Judged as a teenager and now loving myself as an adult through yoga teacher training
I practised for almost 10 years during my teenage time pretty intensely in rhythmic gymnastics, before I found my way into yoga in the year 2018 while travelling in Australia.
Inbodhi Yoga Tallinn graduate and facilitator Mathilde Roch-Penet shares her raw and straight from her heart story about yoga and rhythmic gymnastics
It was a beautiful experience, but a really competitive and intensive environment to be in when you are between the age of 12 to 20 years. As I was judged in all competitions by a minimum of 6 judges looking at the grace, technique, and execution of my show, I was also in this very competitive mindset. The shows themselves lasted only for 2 minutes maximum!
All this heavy preparation for 2 minutes show. I was really pushed on my flexibility and my physical aesthetic aspect too. I did not only have to execute an excellent performance, but I also had to look beautiful. My legs, feet, arms, and hands had to be always straight and makeup was an obligation. As I was still growing into a woman and searching for myself, this period was pretty intense. It felt like a little world in the world. At this time I was completely drawn into it and pushed my body hard into the limits. I remembered having to go once a month to the osteopath for my hips because they were regularly getting unbalanced due to the main use of my "good" leg. We were calling our good leg the most flexible leg for a split. We had to push more on the good leg for any figures.
What is the health behind this beauty?
This unbalanced practice is not healthy in the long term for the body, but when you are 15 years old and want the gold medal you don’t realize it yet. You have only one body for all your life, and you should never go over its limits for a performance of 2 minutes. I loved doing rhythmic gymnastics and it was a beautiful part of my life, but right now I feel I will slowly be paying some consequences of it in the future. But really, It’s never too late, I cannot repair the past but I can soften the future. I realized that when I was working in Australia on farms and started to do some yoga. Almost every day I was doing repetitive physical work outside. I wanted to find something to stretch and also activate my core muscles. I found some videos of yoga and followed them after work. I did not know exactly what I was doing and how I should be doing it, but I always felt good and kept doing these movements when I was on a road trip to exercise after long hours of driving.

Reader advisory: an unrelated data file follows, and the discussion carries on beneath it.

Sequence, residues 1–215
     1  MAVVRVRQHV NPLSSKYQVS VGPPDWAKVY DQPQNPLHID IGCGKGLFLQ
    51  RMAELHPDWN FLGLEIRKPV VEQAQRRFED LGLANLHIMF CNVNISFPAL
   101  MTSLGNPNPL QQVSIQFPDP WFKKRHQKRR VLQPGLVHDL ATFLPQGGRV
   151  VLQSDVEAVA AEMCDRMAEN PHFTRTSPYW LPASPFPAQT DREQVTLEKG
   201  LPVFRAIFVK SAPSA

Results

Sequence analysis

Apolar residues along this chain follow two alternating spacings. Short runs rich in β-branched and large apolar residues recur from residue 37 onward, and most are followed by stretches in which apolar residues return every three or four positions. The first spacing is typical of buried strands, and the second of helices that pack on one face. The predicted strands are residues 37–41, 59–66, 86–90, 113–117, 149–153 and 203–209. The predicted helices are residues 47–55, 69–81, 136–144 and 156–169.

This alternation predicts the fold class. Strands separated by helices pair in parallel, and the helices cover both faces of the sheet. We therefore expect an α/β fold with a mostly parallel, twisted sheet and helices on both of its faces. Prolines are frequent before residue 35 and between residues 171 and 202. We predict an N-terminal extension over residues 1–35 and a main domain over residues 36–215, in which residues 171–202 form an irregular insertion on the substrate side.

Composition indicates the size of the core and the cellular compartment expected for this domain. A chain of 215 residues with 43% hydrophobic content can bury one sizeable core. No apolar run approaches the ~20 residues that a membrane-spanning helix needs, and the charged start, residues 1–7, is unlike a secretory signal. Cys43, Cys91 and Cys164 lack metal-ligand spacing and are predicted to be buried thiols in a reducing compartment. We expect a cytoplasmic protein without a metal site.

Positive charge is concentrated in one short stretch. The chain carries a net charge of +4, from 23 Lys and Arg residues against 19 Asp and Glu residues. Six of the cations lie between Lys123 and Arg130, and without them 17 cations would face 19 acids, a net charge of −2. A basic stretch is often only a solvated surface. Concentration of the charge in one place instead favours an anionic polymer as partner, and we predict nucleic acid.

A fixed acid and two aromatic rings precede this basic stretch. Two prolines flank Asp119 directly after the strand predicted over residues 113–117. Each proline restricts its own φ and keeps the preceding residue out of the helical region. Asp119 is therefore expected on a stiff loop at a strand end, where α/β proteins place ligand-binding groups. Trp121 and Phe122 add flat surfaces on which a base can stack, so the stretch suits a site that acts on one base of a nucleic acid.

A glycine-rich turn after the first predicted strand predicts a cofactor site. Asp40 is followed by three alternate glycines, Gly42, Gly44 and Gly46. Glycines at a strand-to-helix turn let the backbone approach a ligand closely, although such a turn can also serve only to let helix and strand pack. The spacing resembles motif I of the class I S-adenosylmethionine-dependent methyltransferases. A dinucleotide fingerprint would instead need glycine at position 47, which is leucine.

My life changed with the yoga teacher training - from a beginner to a teacher
It was only when I came back to Estonia, Tallinn in October 2018 that I decided to go to a yoga studio and start practising with people around me and a teacher facilitating. I discovered Inbodhi Yoga Tallinn and loved the energy there. After some months of regular and irregular practice during the classes, I did my 200h teacher training in July 2019. This shift of taking the 200h training was not in any of my plans before but I had talks with the wonderful Inbodhi Yoga Tallinn director Marilyn and jumped into it. What made me feel I could to this training was the honest advice of Marilyn who told me it did not matter how long I have been practising before to take on this journey, because it is about waking up my own inner teacher. And it was true - what a life-changing journey! It might sound cheesy but it truly is. I learned and discovered through the training and by facilitating so many aspects of myself I did not know existed.
This practice has been quieting my competitive mind.
Moving while breathing to quiet the mind and let the body flow. No need to perform in any way, no need to put on makeup, no need to wear this or that, no need to have a body like this or that, no judgment, no competition. Just being on the mat for myself and sharing with others, honestly and being unique. This practice has been quieting my competitive mind and I am thankful for it, there is no need to compete in any way I feel. You don’t have to perform anything, be the best at anything it’s okay to be there, to just be.
You don’t need a medal to understand the value of your own being.
And that’s a life lesson I wish everyone could have a thought on. That’s what I am sharing while facilitating to others, to accept where you are, as you are, and be proud. Being proud of yourself no matter the medal, you don’t need a medal to understand the value of your own being. You are gold in any way, a humble warrior. Love yourself and others, as Larry Shultz said: "We practice to love ourselves to learn to love others more."
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Photos: Personal and Marten Jaan Photography